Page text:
Dedicated to the Business of Contemporary Live Music

Summing Up – Luke Betts, 31

Summing Up
19 March 2018

Interviews with festival founders

Having been involved in commercial party organising and promotion as a student, Luke Betts founded Mutiny Festival in 2014 and has established it as a 15,000-capacity fixture on Portsmouth’s live music scene, featuring artistes including 50 Cent and Pete Tong. This year’s bill features Craig David and Andy C.


What prepared you for the task?

“While studying at Portsmouth University, I worked for Carnage UK, running student pub crawls for up to 3,000 people along the South Coast. As a promoter, I put on house music and drum ‘n’ bass DJ events in 400 to 2,500 capacity venues. I was still a student when I bought my first place – the Lyberry Bar [400] with business partner Alistair Ritchie.

“After selling my share of that about five years ago, I bought and refurbished the Astoria [1,000] with Alistair. We hosted everyone in house and techno from Pete Tong to underground artistes like Dixon, Carl Craig, Darkside and Blackman.”


How did you make it all happen?

“In 2013, as We Are FSTVL [30,000 capacity Essex EDM festival] emerged, we wanted to capitalise on our position in the local market. At the time there were no outdoor dance events nearby, although Wild Life [35,000] was starting in Brighton.

“We were already doing 15,000 admissions a week through the venue and student parties and we thought there was a gap in the outdoor sector. In 2014, we launched Mutiny as a 5,000-capacity event in Victoria Park. Going to all the Safety Advisory Group [SAG] meetings with the council, police, fire and medical services was a big learning curve.

“Among the agents, Steve Hogan at William Morris trusted us and knew we put on good 2,000-capacity shows. We could have run it on a shoe-string but we wanted to build an event. On top of a line-up featuring Pete Tong, DJ Fresh and MK, we provided an amazing stage, big LED screens, acrobats and pyrotechnics. Although we sold-out, we lost a six-figure sum.”


What has made the festival a success?

“In year two, we’d planned to move to Portsmouth’s King George V Playing Fields, and grow to two days. We ploughed quite a lot of money into planning that venue when, at our next SAG meeting, the chair told us that Portsmouth had won a leg of the America’s Cup and we couldn’t use it.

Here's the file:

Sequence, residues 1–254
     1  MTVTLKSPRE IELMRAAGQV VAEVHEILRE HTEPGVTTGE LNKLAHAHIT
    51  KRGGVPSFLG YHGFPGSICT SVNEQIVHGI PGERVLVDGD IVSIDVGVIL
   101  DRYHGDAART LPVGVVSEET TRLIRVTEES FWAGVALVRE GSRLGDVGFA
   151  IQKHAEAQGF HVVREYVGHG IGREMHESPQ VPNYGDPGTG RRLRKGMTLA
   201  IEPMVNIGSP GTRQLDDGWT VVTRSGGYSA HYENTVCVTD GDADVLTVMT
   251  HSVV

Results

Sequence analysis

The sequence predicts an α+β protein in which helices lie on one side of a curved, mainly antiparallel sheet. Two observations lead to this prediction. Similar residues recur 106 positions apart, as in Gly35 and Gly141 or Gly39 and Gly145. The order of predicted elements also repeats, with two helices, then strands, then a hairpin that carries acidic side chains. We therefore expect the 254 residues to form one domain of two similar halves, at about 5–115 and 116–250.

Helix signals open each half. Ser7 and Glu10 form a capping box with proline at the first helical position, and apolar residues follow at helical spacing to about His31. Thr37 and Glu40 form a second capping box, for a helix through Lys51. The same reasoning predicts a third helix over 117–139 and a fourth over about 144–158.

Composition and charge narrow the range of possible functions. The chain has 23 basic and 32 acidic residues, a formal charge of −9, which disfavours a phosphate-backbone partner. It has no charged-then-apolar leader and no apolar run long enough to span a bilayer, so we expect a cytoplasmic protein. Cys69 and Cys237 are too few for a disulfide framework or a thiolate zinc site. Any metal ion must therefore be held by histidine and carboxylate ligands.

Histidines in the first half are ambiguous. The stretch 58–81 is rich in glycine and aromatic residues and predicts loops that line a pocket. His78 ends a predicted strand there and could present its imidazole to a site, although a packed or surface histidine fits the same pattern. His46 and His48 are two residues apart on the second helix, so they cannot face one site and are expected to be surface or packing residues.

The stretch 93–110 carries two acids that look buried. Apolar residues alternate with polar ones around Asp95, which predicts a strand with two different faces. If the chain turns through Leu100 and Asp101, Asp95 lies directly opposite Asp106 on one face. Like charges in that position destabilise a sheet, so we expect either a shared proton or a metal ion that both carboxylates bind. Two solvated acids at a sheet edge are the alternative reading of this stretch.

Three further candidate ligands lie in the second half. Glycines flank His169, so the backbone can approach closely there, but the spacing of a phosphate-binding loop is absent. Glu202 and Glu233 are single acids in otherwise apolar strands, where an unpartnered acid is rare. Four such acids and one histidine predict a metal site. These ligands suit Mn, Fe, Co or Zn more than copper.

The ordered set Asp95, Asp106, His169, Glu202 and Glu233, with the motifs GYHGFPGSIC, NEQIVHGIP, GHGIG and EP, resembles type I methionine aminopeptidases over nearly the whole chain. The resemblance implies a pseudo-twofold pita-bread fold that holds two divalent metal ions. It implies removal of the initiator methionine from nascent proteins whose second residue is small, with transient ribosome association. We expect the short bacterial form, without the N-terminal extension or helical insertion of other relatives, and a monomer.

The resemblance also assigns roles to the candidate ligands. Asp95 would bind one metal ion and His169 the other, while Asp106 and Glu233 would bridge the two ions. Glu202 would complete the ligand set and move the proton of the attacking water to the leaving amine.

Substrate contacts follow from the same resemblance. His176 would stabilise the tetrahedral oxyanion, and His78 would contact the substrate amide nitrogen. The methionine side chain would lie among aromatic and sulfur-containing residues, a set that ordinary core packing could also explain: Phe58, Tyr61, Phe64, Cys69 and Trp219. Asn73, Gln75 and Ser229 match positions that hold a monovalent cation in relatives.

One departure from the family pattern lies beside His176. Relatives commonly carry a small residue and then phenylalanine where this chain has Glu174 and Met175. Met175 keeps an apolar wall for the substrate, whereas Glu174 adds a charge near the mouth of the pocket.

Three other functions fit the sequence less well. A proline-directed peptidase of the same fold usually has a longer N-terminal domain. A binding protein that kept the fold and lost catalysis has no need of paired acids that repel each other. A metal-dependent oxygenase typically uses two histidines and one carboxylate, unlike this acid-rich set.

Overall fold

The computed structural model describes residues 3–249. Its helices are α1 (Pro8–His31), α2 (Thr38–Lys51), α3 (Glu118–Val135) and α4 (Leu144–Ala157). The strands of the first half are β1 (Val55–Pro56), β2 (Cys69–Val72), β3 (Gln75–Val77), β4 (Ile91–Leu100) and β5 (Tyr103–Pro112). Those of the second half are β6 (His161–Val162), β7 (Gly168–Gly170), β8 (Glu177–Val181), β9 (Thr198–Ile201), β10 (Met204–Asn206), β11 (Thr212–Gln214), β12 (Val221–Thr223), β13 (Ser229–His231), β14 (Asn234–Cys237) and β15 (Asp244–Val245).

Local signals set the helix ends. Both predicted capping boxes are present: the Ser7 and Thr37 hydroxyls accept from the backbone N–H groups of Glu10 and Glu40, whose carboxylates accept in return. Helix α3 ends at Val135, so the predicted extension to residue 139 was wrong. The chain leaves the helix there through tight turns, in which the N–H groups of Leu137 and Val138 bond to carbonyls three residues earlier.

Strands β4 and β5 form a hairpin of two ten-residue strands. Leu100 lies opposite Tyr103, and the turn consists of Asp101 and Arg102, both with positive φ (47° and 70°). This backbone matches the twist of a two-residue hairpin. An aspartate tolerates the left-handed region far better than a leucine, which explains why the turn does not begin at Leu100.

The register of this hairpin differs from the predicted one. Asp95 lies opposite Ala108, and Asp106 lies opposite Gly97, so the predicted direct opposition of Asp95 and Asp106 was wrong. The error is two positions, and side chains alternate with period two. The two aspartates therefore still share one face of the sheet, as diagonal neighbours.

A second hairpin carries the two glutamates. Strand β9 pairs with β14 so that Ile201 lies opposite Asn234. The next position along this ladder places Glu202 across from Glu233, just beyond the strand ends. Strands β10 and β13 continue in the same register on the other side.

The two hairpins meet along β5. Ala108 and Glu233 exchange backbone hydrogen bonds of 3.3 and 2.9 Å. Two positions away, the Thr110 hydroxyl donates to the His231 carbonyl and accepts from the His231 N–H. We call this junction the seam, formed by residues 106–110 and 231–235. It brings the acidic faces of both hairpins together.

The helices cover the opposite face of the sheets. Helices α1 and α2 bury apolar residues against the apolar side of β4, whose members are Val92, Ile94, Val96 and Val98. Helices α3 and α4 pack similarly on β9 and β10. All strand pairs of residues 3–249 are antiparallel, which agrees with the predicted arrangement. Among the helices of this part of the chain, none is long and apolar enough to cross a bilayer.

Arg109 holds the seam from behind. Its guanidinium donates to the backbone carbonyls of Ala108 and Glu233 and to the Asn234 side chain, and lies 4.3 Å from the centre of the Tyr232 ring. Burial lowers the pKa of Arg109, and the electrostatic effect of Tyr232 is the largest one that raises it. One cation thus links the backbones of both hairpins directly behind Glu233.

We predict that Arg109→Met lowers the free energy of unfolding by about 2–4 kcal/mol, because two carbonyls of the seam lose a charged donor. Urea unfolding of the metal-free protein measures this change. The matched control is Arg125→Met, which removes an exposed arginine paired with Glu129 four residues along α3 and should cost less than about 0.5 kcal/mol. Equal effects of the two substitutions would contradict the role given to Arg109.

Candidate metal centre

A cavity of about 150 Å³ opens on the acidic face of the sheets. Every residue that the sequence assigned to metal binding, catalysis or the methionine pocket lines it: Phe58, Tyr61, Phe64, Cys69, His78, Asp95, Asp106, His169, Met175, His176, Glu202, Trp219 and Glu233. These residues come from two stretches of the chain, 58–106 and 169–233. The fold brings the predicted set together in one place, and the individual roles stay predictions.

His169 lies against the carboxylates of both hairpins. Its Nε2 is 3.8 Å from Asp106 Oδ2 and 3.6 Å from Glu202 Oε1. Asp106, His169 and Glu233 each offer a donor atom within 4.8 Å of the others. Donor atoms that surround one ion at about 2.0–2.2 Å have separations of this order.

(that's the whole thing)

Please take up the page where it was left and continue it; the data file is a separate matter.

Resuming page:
“So we had five months to find a new venue and create a festival from scratch, including the licensing process, book a line-up and sell the tickets. We had to go hard or go home, so we planned a 15,000-capacity event at Fontwell Park Race Course in Chichester, with camping. But we ended up running before we could walk.

“Saturday sold-out with Snoop Dogg and Knife Party, with about 13,000 on the Sunday. We discounted heavily to get the people in and it was the show I was least happy with: the bars and the cleaning services weren’t good enough. Although I had an investor, Chris Phillips at JDI, I was a one-man-band. It was a real eye-opener on the importance of having a great team.

“We came back into Portsmouth for year three and stripped it back to one mainstage, one big top and the smaller areas, featuring Steve Angello, Groove Armada and Example. This was all about finding the love for the show again, so 2016 was textbook with food, bar offering and toilets all perfect, and we attracted about 10,000.

“By 2017 the market had changed, with Common People [25,000] in Southampton launching the previous year and a lot more events popping up. But we were here to stay in this crowded market and booked a headliner to get us noticed: 50 Cent. We sold 15,000 tickets and saw Mutiny growing the way we expected it to, which is quite an achievement with all the artiste exclusions on South Coast events.”


What have been your highs and lows?

“The SAG committee chair telling us we couldn’t have our park in year two was quite a low, and we lost about £1 million over the first three festivals, for which I was liable. I imagined telling my fiancé, ‘Babe, we might have lost the house’, or letting down the investors and the agents who’ve had faith in us – Obi Asika at Echo Location was an amazing supporter when we needed it most.

“Chis [Phillips] says he doesn’t invest in businesses but in the people behind it. We’ve had offers to buy the festival nearly every year and he knows we’re in a good position now, turning a respectable profit. A good investor is more than just a bank. They need to be willing to get in the trenches with you.

“We’re now running the festival we always wanted to run, with a huge mainstage and four dance areas. I don’t get star struck, but when you can bring big names to your home town, it’s really satisfying.”


Key Suppliers

Production – PK-UK Events

Site Management – NRCO

Sound – BCS Audio

Lighting – Wolf Lighting

LED Screens – Imag Displays

Staging & structures – Acorn Structures

Security – Vespasian

Toilets – Loos for Dos

Fencing – Wight Fencing

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